Second Show Review

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Banner: AOPL Entertainment Pvt. Ltd
Cast: Dulkar Salman, Avanthika, Salim Kumar
Direction: Sreenath Rajendran
Music: Nikhil

‘Second Show’ was touted as the most eagerly awaited movie of the year, mostly due to it being the launch pad of Dulqar Salman, the son of Megastar Mammootty. And all eyes were on him to know his potential to persist in a competitive movie career. But after seeing the film, we will say more about the crew and the director, who has amazed us more than its cast, delivering one of the venturesome and cheeky boy’s films to date in Malayalam. A verbally explosive comical crime-caper, the movie succeeds due to its smart screenplay and witty dialogues, which survives its beaten-to-death formula, and not so polished making.

The movie’s story lines are pretty old as the Himalayas, where a small time reckless gang lead by Lalu alias Harilal who lives on with their shady deals with sand mafia, shortly turn a quotation gang and ganja carriers, ultimately to evolve as the top players in the business. But the highlights of the movie are the breath of fresh air and authenticity that goes into its making. Here the characters are all real with Hindi speaking characters actually speaking a polished Hindi and night scenes conspicuously dark.

The narratives moves at its own pace with the unflinching approach of debutante director Sreenath Rajendran definitely on top, inspired from Indian and foreign gangster films including the RGV flicks. But he has deliberately mixed up the desi flavour, with characters very keralite and on the face and sardonic humour- equally desi. Aimed squarely at the youth brigade, there is never a dull moment in its undisguised enterprise.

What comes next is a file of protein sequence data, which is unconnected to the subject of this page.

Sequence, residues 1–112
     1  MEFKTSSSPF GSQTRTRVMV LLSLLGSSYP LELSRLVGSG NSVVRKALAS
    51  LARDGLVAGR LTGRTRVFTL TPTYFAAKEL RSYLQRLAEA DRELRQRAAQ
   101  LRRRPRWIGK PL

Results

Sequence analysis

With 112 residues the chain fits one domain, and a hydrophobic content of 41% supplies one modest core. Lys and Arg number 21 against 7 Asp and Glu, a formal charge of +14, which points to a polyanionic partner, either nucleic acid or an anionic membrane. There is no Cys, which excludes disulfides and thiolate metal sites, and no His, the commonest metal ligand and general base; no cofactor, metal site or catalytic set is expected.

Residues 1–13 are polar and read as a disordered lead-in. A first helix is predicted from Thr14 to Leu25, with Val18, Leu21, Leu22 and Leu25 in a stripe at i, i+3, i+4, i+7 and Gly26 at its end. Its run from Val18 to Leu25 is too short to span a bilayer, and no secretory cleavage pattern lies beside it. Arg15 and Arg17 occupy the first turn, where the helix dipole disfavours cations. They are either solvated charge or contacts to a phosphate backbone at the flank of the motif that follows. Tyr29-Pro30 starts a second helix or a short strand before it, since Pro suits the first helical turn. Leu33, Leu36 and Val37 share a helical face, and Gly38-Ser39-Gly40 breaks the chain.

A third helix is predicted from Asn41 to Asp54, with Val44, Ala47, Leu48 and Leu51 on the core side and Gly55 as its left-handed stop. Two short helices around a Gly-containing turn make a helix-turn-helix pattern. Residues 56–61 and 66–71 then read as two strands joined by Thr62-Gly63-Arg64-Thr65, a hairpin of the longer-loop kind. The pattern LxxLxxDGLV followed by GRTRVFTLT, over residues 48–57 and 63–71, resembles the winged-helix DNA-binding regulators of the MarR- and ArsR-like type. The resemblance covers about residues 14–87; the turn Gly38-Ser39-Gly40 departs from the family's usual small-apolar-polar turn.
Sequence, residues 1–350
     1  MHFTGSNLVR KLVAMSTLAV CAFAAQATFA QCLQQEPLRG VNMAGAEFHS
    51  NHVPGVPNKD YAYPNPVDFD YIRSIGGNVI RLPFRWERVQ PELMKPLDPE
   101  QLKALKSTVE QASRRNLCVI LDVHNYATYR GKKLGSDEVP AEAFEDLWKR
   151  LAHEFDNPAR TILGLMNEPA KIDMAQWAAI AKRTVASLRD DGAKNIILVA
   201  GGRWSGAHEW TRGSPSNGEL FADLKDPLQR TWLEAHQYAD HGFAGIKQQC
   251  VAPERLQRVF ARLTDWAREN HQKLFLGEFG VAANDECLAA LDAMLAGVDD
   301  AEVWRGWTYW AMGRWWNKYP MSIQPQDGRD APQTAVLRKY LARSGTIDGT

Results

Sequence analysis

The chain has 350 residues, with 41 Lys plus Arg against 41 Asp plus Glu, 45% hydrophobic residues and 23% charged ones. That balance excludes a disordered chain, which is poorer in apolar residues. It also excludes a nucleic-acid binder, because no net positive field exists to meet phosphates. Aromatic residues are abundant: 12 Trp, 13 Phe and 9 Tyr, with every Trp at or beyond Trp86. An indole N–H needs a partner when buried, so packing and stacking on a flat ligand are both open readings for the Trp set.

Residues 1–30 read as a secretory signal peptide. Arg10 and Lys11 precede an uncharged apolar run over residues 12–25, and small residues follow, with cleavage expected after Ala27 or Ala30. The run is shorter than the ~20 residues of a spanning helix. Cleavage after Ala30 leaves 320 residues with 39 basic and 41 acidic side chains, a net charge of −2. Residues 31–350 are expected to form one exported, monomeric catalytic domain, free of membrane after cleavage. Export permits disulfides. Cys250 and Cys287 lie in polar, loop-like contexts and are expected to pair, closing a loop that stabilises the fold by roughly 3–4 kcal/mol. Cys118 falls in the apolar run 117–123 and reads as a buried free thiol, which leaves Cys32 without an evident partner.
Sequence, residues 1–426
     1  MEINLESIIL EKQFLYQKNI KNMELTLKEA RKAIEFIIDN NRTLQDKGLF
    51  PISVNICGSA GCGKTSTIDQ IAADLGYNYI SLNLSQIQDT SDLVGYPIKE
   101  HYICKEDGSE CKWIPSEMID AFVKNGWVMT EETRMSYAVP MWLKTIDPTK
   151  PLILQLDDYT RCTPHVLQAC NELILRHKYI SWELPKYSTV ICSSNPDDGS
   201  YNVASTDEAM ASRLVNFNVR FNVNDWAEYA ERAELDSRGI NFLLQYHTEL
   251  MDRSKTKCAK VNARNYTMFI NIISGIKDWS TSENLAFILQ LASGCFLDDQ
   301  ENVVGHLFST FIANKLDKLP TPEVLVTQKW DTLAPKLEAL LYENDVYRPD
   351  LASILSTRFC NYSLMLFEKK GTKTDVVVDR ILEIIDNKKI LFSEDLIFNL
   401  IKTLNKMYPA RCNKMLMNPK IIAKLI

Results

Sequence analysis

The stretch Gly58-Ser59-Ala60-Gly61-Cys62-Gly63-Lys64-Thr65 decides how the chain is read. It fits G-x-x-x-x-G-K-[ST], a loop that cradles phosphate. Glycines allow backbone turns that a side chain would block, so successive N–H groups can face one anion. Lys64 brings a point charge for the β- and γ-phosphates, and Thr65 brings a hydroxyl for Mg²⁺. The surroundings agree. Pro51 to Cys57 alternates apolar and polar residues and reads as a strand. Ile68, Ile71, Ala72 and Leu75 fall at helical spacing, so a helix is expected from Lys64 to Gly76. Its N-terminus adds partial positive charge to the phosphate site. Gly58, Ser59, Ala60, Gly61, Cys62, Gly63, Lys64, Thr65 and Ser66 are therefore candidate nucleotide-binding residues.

The screenplay by Vini Viswalal is such that it keeps you estimating as to what’s going to happen subsequently, with a subtle love track and bonding between friends. This film speaks a language that the youth would instantly connect with and the wits differ from the humor-laden films that we’ve been subjected to of late.

The inventive soundtracks by Nikhil and Avial are well worded and tuned. Foot tapping Aiyyo and Thithithara stands out as the anthem of the youth. ‘Ramayana Katte ‘ is peppy and energetic though all songs merely play in the background and gels well with the movie. After ‘Chappa kurisu’, Rex Vijayan also impresses with the BGM most of the times, though that sarcastic BG track while dealing with Lalu’s family chores were never rightly recognised by the viewers.

The locales and Papu’s cinematography in undersized places, like tiny dwellings and shrunk spaces with plenty of handheld shots,and sometimes amateurish looking frames only add to the authenticity and crude looks of the movie. A word of appreciation must also go to editors Sreekanth and Praveen, for slicing the movie to interesting proportions and also to the makeup man Bijubhaskar Sami.

On the flip side, a film like ‘Second Show’ may not be savoured and relished by everyone, especially the ‘family audiences’

And, for that big question of performances….

Dulqar Salman seems to have adequate physique and potential and shows it in the later reels. His voice seems to be his biggest positive, but needs to work on his modulations and a little bit on histrionics. Dulqar seemed stiff on some lighter scenes and needs a little bit of ‘walking’ classes too. But the actor who stole the entire show was Sunny leone as ‘Kuridi’ who has been exceptional most of the times. We were never made aware of the little drawbacks of the lead star whenever he was on screen, sometimes overacting but taking the film ably in his tender shoulders. Sure to see this wonderful performer more in Mollywood scenes in the coming years. Gowthami Nair was just ok as the ‘murapennu’ of Lalu but the seasoned actors like Baburaj, Sudesh Berry, Kunchan and Rohini managed to keep the proceedings moving in a realistic scale.

Overall, ‘Second show ‘ though with its share of little negatives, is an honest effort that deserves to be encouraged. Of course, it may not be the most persuasive film that portrays an issue, but at least it moves on an untapped and brand new terrain of presentations, ably helped by little known actors.

 

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